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Can agriculture stocks enjoy a dining boom?

The smart money has moved into Australian agriculture – a sector that hasn’t been particularly kind to investors.

But are the tables turning?

The $50 billion agri-sector could rival the mining boom, reports the Australian Financial Review as emerging economies like China turn their attention to food security from mineral imports.

Even as the rest of us are nursing painful losses in iron ore stocks like Fortescue Metals Group Limited (ASX: FMG) and Rio Tinto Limited (ASX: RIO), mining magnets like Gina Rinehart and Andrew Forrest are already investing big in cattle stations.

The shrewdness of the move is well quantified by the chart below as investors in the industry enjoy high feeder cattle prices at a time when input costs are falling.


The price for feeder cattle, which are cows and bulls that are big enough to be moved into feeder lots to be fattened for slaughter, has surged close to 50% over the past three years at a time when the cost of fuel and corn/grain (used in feedstock) has fallen.

Australian producers are enjoying an additional tailwind from the falling Australian dollar, which will only help fatten profit margins and make them more competitive on the global stage.

While ASX-listed agriculture related stocks have a patchy record at best of producing returns for investors, they are pulling ahead of resources stocks as tumbling hard commodity prices weigh on the mining sector.


Cattle company Australian Agriculture Company Ltd (ASX: AAC) is up 14%, while rural services group RuralCo Holdings Ltd (ASX: RHL) is 32% ahead over the past five years.

In contrast, our mining giants Rio Tinto and BHP Billiton Limited (ASX: BHP) are sitting on losses of around 30% each.

But before you get too excited, you should know that investing in the agri-sector is a lot harder for mum and dad investors for a number of reasons.

Firstly, there’s simply a lack of choice. There are very few agri-stocks to choose from and the lack of diversity makes it difficult for investors to control risk.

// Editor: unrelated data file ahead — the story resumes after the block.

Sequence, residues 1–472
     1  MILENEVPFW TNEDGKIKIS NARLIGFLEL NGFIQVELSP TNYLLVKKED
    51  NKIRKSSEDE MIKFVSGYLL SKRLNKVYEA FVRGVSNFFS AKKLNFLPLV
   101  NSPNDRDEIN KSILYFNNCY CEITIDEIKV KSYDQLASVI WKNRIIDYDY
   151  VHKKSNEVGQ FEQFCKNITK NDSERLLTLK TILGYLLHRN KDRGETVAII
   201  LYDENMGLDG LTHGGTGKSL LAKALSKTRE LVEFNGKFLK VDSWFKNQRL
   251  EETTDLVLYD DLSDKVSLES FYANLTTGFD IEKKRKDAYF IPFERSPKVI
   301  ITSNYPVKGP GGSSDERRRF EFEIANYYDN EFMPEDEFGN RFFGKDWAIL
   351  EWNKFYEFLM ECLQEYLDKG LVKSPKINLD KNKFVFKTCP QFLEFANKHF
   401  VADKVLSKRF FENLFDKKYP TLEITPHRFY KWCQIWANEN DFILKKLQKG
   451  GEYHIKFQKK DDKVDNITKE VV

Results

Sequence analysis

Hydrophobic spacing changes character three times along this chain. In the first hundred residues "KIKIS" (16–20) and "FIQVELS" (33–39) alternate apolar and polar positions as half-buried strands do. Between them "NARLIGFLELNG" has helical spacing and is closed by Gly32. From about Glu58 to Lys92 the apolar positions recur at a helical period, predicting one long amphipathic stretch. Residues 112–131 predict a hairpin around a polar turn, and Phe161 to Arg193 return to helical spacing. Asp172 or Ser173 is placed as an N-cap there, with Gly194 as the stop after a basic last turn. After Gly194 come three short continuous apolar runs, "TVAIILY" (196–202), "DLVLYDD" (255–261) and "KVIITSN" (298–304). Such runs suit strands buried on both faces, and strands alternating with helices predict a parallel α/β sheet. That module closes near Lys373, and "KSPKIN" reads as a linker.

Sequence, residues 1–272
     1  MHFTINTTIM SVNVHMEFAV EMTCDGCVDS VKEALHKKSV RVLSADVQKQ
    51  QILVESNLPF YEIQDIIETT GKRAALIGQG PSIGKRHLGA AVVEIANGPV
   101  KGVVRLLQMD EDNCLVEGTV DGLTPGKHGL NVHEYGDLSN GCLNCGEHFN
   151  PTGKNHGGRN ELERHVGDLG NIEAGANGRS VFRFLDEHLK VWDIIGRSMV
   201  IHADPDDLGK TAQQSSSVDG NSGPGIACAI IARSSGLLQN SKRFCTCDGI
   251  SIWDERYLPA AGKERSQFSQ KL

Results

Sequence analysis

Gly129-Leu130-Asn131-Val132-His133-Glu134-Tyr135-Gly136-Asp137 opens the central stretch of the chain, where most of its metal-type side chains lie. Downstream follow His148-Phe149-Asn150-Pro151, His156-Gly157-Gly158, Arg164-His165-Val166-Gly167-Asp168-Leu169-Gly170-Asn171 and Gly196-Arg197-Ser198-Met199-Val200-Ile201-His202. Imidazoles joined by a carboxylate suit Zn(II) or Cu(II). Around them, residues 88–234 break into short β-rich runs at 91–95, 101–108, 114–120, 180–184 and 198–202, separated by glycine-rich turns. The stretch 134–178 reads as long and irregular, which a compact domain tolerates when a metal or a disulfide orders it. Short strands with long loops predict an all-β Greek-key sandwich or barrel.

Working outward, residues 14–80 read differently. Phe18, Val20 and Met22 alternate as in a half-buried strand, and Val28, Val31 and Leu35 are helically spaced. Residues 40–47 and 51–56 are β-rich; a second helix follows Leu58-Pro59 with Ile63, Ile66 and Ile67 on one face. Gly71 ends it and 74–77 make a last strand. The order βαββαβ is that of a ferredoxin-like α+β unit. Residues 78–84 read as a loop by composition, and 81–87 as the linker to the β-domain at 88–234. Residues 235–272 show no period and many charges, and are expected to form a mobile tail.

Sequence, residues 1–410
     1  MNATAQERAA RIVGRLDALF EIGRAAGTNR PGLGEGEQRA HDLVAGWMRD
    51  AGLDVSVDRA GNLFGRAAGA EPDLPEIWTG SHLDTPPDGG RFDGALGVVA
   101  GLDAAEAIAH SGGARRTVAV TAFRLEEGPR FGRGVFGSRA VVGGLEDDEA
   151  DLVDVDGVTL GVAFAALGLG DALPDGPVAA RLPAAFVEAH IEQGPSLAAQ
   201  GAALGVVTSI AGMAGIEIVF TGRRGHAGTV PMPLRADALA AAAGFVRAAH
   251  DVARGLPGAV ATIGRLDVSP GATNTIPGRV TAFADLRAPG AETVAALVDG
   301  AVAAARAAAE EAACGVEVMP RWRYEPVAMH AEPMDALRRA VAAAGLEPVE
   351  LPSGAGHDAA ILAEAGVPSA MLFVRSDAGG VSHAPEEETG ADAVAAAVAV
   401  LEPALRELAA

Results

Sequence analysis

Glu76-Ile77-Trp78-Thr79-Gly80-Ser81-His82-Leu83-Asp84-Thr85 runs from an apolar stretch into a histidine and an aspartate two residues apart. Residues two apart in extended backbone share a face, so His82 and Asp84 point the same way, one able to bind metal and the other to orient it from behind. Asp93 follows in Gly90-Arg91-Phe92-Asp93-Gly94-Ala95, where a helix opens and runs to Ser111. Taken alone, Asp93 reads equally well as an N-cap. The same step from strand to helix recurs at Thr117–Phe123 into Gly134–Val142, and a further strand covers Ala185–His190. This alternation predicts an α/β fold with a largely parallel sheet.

Further, the situation appears to be getting worse, not better. The proposed takeover of cotton and water rights trading company Tandou Limited (ASX: TAN) by walnut and onion company Webster Limited (ASX: WBA), and our propensity to sell agriculture assets to offshore investors are some of the reasons why the pool of investments is getting shallower.

Perhaps Tandou’s justification for recommending the takeover to investors sums it up best. Australian investors just don’t appreciate agri assets enough with Tandou’s shares trading under its tangible asset value for a long time.

Another problem is the lack of coverage in the sector, especially when you compare the attention the mining sector gets – yes, even today when the mining sector has been de-rated.

The poor broker coverage of agri-stocks makes it harder for retail investors to decide when to buy into the sector.

Lastly, most of the action is concentrated on private assets –an area that is out of reach of the everyday investor.

Investing in this space is just as volatile as investing in mining with operations impacted by a range of factors that are outside the control of management. This includes weather, government regulations, trade barriers and volatile global commodity prices.

For those looking to get a toehold in the sector, perhaps the analogy used during the mining boom is the best way to play this thematic – don’t buy the miners, but invest in the ones selling the spades and shovels.

From that perspective, stocks like Ridley Corporation Ltd (ASX: RIC) and RuralCo look appealing if you believe agri-stocks will embark on the same multi-year boom that was enjoyed by the miners.

I for one would love to see initial public offers in this space, but until that happens this is one sector that is hard to take seriously.

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Motley Fool contributor Brendon Lau owns shares in Ridley, BHP and Rio Tinto. Follow me on Twitter -

We Fools may not all hold the same opinions, but we all believe that considering a diverse range of insights makes us better investors. The Motley Fool has a disclosure policyThis article contains general investment advice only (under AFSL 400691). Authorised by Bruce Jackson.